Welcome to the 496th issue of the PC Improvement News. PCIN consists mainly
of news highlights and tips. There is something for everyone, and if this is
your first issue, I'm sure there will be something for you. If you give me
two or three issues, I know that you will come back for more!
I asked my Lisa if she had any suggestions for me for my opening thoughts.
She said, "Life is good, the weather is awesome." Hopefully life
is as awesome as the weather is good :-)
I mentioned last week that I bought a new laptop. It was funny this week reading
the retrospective that I link to in the Tips section and
seeing what these things used to look like. The laptop were the size of concrete
blocks! We have come a long way. Imagine where we'll be in another 10 years...
A professor says he has only one girl in a computer science major class
in 2008, down from 40 percent in 2000. What happened? eWEEK gets field experts
to weigh in.
While women hold 51 percent of professional jobs in the United States, they
make up only 26 percent of the IT work force, according to the National Center
for Women & Information Technology. Furthermore, fewer women worked in
IT in 2008 than in 2000.
But the loss of women in the technology field begins long before they reach
the professional level. The proportion of CS (computer science) bachelor's
degrees awarded to women has fallen from 36 to 21 percent between 1983 and
The breadth of a smile can be measured by new technology from Japanese electronics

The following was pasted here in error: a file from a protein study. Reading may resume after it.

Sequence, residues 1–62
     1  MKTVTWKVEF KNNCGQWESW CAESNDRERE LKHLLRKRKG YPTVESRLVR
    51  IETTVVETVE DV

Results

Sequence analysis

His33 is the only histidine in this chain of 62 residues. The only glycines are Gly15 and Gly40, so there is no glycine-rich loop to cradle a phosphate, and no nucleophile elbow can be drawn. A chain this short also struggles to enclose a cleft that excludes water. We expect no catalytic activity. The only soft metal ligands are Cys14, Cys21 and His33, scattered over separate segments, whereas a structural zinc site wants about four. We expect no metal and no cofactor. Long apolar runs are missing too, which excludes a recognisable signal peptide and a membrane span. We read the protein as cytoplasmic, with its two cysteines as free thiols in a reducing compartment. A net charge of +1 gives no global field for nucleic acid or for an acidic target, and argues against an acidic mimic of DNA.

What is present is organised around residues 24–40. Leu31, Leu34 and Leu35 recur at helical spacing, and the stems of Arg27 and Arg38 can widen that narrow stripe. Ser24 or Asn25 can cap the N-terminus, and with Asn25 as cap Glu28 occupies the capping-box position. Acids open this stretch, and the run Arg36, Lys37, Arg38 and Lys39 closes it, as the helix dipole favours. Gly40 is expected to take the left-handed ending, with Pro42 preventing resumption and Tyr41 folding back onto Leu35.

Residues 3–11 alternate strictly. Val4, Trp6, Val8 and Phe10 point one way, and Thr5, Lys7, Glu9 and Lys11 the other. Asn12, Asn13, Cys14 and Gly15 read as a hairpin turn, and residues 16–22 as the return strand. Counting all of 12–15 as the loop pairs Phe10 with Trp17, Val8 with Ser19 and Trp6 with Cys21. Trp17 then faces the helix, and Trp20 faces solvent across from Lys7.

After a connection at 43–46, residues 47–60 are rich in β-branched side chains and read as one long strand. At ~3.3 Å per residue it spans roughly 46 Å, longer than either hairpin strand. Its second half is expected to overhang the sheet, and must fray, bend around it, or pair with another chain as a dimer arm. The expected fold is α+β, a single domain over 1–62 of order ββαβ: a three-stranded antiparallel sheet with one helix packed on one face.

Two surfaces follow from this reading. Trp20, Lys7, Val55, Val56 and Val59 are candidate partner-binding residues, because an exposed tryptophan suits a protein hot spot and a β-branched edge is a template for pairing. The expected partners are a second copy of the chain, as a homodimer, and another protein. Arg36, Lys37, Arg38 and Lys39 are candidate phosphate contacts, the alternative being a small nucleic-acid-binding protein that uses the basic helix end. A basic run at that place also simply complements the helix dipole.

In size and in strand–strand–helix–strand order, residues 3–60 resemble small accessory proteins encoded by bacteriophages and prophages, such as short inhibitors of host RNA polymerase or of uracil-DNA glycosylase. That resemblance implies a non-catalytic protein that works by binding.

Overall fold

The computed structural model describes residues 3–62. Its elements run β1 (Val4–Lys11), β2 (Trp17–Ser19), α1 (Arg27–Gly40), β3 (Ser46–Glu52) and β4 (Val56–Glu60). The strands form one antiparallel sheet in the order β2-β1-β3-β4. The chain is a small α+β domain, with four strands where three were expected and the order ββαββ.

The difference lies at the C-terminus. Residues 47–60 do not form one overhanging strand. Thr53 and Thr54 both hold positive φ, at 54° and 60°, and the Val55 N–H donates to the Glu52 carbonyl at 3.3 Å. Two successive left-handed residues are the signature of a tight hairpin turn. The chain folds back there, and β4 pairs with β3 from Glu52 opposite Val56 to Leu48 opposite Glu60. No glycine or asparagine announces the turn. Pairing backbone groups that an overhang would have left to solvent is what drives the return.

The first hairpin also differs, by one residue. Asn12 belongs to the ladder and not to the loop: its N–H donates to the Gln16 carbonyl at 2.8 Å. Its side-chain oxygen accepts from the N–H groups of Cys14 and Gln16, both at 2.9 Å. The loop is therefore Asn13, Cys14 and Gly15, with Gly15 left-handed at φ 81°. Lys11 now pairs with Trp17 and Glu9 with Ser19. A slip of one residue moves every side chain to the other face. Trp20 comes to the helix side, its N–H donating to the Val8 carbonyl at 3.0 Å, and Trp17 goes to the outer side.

and health care company Omron Corp.
The software technology, shown to reporters Thursday, scans a video image
to detect faces. It can find up to 100 faces in an image, according to Yasushi
Kawamoto of Omron.
"Okao Catch," which means "face catch," then analyzes the
curves of the lips, eye movement and other facial characteristics to decide how
much a person is smiling using data collected from a million people and their
smiles, he said.
In a demonstration, a camcorder took videos of journalists covering the announcement.
Percentage numbers indicating how much each person was smiling popped up
in bold blue letters next to their faces on a monitor, flashing higher or
lower as their expressions changed.
The numbers ranged as high as 89% for a person who was grinning, while a
somber face registered 0%.
A majority of U.S. adults are uncomfortable with Web sites using a person's
online activity to deliver customized content, a study released Thursday
However, Harris Interactive found that people became more comfortable after
they were presented with Web-site privacy and security policies recommended
by the Federal Trade Commission.
Based on a nationwide survey of more than 2,500 U.S. adults, the study found
that six in 10 respondents were skeptical when Web sites like those from
Google, Yahoo, and Microsoft used visitors' online activity to tailor advertisements
or content based on their hobbies or interests. A quarter of the respondents
were "not at all comfortable," and 34% were "not very comfortable."